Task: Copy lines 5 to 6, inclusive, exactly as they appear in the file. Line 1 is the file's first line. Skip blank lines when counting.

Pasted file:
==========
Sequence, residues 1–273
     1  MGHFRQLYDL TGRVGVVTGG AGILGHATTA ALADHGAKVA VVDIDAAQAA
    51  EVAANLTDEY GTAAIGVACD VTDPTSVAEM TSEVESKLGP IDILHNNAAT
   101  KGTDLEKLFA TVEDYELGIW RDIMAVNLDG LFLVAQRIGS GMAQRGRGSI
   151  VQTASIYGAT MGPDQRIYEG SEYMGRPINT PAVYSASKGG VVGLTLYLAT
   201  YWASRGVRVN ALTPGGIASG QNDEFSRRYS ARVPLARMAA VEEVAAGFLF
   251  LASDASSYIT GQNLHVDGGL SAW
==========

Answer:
   151  VQTASIYGAT MGPDQRIYEG SEYMGRPINT PAVYSASKGG VVGLTLYLAT
   201  YWASRGVRVN ALTPGGIASG QNDEFSRRYS ARVPLARMAA VEEVAAGFLF